How Bi is “Bi Enough”?


My coming out was a slow burn of realization. I’d had experiences with both sexes on multiple occasions, but I never felt like I had earned my badge of bisexuality because I had never had an actual girlfriend. I’d had flings and crushes that society told me were nothing more than “girl crushes.” Compared to my bi friends who had several exes of both sexes, I felt like I wasn’t qualified enough to actually be considered bi. I hadn’t found a female to fall in love with yet, so clearly I must still be straight with some flexibility.

Growing up in Southern Oregon, the queer community wasn’t the best place to find other queer women, and I never found someone who I clicked with long enough to pursue a relationship. I just figured that I was an open-minded person, but ultimately heterosexual since I’d only ever dated men. I would go on and on to my friends about various “girl crushes” I had and would often spend hours swooning over, sometimes she was an empowered #BossBitch woman who I thought the world of, or the cute pizza delivery girl who left me blushing and giggly. I would see these women and feel a strong pull to them, but I had never proved myself queer enough in the past to ever feel like I could call myself bi. So I disregarded my emotions as unreal and continued to walk blindly in my false-heterosexuality. Occasionally, I would open up to those in my life and use the label “hetero-flexible” since I had strayed from strictly straight a time or two before, usually when alcohol was involved.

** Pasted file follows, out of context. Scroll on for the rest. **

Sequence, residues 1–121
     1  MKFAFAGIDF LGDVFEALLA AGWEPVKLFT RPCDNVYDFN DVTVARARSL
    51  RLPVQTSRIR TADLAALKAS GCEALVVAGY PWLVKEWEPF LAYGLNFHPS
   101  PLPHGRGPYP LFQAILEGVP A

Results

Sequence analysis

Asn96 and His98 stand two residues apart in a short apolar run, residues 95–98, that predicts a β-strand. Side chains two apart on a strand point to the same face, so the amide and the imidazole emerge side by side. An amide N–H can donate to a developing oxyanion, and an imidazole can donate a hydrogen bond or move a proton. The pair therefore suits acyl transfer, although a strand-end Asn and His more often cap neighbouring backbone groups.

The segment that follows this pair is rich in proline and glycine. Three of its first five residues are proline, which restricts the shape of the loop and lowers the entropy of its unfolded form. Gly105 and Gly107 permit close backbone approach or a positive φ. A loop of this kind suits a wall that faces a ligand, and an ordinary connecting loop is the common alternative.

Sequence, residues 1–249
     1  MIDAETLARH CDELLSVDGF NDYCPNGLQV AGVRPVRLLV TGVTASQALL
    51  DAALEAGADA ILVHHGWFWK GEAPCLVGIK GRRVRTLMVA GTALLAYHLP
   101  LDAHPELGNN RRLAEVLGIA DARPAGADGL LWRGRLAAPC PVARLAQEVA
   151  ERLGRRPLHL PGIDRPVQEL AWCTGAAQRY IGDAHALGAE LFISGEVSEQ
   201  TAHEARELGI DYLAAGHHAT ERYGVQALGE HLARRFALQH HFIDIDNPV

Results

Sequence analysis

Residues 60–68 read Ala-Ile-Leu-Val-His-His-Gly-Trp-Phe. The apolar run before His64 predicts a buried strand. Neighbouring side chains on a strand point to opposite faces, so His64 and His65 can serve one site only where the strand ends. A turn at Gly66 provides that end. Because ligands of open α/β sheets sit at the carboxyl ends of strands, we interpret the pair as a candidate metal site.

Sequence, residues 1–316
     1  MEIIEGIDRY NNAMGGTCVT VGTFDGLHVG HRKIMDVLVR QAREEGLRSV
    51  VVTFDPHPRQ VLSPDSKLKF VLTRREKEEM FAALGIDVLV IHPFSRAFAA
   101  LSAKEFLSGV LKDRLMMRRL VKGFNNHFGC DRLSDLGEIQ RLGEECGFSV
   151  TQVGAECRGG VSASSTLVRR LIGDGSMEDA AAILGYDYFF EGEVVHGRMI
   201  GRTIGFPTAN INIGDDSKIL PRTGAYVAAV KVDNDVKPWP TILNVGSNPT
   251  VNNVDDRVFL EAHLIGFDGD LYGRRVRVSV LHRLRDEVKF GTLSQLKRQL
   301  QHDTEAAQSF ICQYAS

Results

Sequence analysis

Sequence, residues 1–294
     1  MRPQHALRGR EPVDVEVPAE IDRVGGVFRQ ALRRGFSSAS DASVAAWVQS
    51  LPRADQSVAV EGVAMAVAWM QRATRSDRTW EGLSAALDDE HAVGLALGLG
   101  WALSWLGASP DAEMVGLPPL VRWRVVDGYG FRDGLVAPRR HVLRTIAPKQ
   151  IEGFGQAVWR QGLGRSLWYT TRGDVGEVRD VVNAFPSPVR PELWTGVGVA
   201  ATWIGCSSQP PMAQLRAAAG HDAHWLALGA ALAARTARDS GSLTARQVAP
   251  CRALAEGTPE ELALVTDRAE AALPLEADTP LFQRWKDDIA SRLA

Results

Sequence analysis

I started feeling a pull towards other women after high school when I was on my own and dying to have a safe and genuine relationship. I thought I was searching for a close connection in a best friend. I developed a pattern. I’d find a new bestie, we would often joke around about how we were so single and essentially each other’s boyfriend, and how we’ll always manage to sustain our old, married couple dynamic. I felt that strong emotional connection one often feels with the person they’re dating, but strictly platonic. We’d never move into a physical relationship, but we exposed ourselves emotionally and allowed our walls to come down. We connected. I loved this person in my life and had created a functioning balance of dependency. We planned our weekends together, whether a road trip or bar night, and made sure to find excuses to see each other during the week, like errands and other trivial things. Our worlds revolved around each other. Eventually, we faded; our lives got busy with other drama and we no longer were each other’s everything. When she faded, I slowly found another woman to replace her and recreate that same type of relationship I had before. I kept telling myself that they were just filling the best friend gap, not that I had felt the same way with them that I had with prior boyfriends.